Online Classes: Meet your Learners’ needs

During the current Pandemic,  education is moving toward the online model. Most educators are finding it challenging to ensure that students are learning what they are supposed to learn. The online model creates various types of noise (acoustic, electric, internet-related). The very nature of online renders communication to be one-way – the learners are passive participants.  We are trying to fill the gap with assigned readings, quizzes, assignments, etc. But research shows that in such models, the learning is very little in terms of remembering and using the information they are absorbing.  Although I completely agree that there is a vast difference between In-person education and online learning, let’s look into some pointers which we can include to ensure we meet each learner’s needs.

Research shows that human beings, regardless of gender, age, and culture, learn best when they are involved actively in the learning process. They learn best when it is self-directed when they feel useful and meaningful and in a motivating, hands-on learning environment. Regardless of their age, each individual has their ideas to contribute. Before we get into the choices educators have when designing and developing their next presentation, training or class, let’s understand a little about the six preferred learning styles of individuals*

1) Visual. Visual learners need to see simple, easy-to-process diagrams or the written word. PowerPoint presentations and flip chart graphics are beneficial to these learners.

 2) Aural. Aural learners need to hear something so that it can be processed. They may prefer to read aloud if presented with written material. They enjoy lecture format learning.

 3) Print. Print learners process information by writing it down. They take a lot of notes, notes that they may never look at again.

 4) Tactile. Tactile learners need to do something to learn it. They are likely to avoid written instructions and dive right into a hands-on attempt to work it out. 

 5) Interactive. Interactive learners need to discuss learning concepts. Breakout discussions and Q&A formats support this type of learning.

 6) Kinesthetic. Kinesthetic learners learn through movement. Training exercises and role-plays help. Giving people the flexibility to stand and move about the classroom also helps these learners.

The above can be the guidelines for an educator to cater to the needs of different learners. So how can we include them in our online classes?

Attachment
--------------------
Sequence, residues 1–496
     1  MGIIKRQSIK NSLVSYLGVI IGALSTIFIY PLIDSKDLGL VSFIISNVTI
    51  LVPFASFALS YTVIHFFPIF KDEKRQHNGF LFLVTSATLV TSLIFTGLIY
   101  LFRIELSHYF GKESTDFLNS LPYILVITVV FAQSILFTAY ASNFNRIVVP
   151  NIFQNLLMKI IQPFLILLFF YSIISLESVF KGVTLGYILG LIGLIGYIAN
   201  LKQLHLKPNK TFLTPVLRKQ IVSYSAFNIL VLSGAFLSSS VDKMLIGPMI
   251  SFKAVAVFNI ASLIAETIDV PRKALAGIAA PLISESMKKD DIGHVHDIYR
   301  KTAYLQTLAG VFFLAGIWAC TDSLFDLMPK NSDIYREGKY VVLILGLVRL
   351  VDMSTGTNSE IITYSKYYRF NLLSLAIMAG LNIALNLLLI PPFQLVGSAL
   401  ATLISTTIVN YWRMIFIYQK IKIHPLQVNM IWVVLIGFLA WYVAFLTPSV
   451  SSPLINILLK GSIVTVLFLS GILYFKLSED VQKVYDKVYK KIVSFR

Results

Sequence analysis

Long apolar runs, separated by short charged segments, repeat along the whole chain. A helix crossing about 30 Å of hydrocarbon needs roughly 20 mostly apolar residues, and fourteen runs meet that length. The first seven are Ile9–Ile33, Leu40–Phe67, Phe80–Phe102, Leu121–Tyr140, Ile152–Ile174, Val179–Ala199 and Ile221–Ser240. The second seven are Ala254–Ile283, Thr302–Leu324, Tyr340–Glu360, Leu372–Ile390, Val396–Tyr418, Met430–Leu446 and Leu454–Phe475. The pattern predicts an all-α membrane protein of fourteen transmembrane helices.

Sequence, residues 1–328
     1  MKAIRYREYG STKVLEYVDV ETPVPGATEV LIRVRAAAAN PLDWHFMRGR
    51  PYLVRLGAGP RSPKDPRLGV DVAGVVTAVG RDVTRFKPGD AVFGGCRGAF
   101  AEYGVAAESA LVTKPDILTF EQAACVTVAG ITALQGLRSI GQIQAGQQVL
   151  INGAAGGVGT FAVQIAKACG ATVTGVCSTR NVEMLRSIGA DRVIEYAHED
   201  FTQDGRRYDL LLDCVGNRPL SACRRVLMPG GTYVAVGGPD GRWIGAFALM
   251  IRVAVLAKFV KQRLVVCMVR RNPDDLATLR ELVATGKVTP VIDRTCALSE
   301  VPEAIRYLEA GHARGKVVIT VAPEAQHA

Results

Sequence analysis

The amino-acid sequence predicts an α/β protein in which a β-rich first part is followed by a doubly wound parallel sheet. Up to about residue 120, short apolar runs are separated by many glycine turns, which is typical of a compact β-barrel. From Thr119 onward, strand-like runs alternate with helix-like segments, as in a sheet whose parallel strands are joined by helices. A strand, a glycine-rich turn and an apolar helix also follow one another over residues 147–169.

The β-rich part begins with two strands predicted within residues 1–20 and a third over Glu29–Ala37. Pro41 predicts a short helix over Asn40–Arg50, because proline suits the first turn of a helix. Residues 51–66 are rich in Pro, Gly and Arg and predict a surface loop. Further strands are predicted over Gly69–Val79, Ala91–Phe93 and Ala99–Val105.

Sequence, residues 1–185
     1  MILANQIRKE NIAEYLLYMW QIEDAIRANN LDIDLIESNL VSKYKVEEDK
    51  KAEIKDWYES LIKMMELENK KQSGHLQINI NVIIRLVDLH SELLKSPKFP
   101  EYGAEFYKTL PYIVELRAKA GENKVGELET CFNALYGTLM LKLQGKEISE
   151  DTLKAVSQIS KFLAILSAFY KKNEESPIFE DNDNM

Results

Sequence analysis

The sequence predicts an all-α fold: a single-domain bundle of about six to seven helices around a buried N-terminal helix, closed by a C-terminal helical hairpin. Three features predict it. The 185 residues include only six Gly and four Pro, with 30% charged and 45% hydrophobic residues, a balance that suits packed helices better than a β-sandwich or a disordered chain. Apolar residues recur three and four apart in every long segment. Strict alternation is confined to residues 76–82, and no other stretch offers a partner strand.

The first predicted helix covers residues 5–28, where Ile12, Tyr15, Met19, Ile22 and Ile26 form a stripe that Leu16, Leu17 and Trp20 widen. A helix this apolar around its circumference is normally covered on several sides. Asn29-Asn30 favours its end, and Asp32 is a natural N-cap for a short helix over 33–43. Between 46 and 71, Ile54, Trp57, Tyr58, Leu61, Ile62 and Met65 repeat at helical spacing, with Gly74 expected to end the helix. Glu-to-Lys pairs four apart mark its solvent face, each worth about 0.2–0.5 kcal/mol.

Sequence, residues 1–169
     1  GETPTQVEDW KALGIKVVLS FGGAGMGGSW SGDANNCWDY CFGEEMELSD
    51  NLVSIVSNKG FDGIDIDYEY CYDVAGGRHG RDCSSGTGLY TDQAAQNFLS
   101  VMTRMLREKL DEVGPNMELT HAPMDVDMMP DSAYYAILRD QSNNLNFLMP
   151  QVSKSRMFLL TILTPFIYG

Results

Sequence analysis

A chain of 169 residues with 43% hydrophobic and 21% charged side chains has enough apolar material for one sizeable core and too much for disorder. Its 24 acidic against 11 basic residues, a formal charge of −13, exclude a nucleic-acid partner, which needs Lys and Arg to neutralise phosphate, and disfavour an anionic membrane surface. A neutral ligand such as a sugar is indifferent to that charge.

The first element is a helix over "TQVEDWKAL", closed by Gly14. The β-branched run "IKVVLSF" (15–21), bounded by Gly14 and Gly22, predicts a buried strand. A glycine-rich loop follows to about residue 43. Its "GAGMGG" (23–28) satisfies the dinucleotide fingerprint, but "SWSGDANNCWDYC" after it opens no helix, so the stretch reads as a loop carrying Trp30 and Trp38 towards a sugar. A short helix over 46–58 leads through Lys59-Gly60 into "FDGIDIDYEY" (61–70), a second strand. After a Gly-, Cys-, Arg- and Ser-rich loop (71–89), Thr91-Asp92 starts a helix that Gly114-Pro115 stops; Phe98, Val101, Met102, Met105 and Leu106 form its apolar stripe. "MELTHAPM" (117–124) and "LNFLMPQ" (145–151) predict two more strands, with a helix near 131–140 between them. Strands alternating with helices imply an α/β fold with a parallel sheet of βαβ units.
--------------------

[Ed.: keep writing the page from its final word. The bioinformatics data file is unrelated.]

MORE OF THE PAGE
1. Understand your learning style: Your preference will influence your way of delivery. Knowing your style will help you develop your delivery method my mixing up other forms of learning. Be creative.
  2. Find out what your learners know: If possible, know your learners by giving them time to discuss what they know or have heard about a particular topic. A session can begin with a quiz. Older learners can access material in advance or watch a presentation or video before the class.  
  3. Create a friendly environment: Research proves that giving learners a friendly, informal learning environment helps them learn better. Some liberty in terms of allowing them to speak in the class by taking turns, or present their views through screen share, etc. can give them a good feeling. It may be a worthwhile idea to provide snacks or beverage breaks.
  4. Create a Strategy: Involve learners, so they get to
    1. See: Include charts, graphs, diagrams, videos, pictures, or experiments in your presentations.
    2. Hear: Hear your insights as well as the insights of the peers by allowing them to either discuss their views in the classroom or giving them assignments that they can compile and share. Videos of famous people, subject experts, and opinion-makers can also be shared.
    3. Write: Either make them write critical points during the lecture or encourage them to take notes.  Allowing and encouraging learners to use color pens, highlighters, even colored papers, etc. can make learning fun.
    4. Experiment: Quiz, Assignments, Projects, etc. can help tactile learners to learn better.
    5. Talk about: The interactive learners learn best when given a chance to speak.  Encourage learners to share comments, ideas, insights, and opinions with the whole group. Each class can have a fixed allotted time for the learners to share their views or learnings or just a quick question and answer time.
    6. Move: Let the learners repeat the concept using some movements, exercises, role plays – these can work wonders for the kinesthetic learners.
    7. Choose: Let them decide what they choose to do. You can encourage learners to make videos of their learnings or just record discussions and share them with the group. Various methods can be,
      1. paired or small group discussions,
      2. large group discussions,
      3. quick collaborative games,
      4. presentation with personal views or learnings,
      5. making and taking quizzes,
      6. projects,
      7. role-plays, etc.

The big question – What technology should I use?: Technology is the gateway to virtual education. The success of virtual learning depends on the extent to which learners can actively participate. It is tempting to use free software to deliver content. Such an approach is a recipe for disaster. Please invest in a proprietary technology that facilitates the inclusion of real-time interaction, raising of hands, questions, assignments, discussion forums, and feedback. The keyword is an investment – after all, the future of a generation rests on the decisions we make now.

*(taken from http://www.managingamericans.com/Workplace-Communication-Skills/Success/Six-preferred-learning-styles-for-adults-424.htm):

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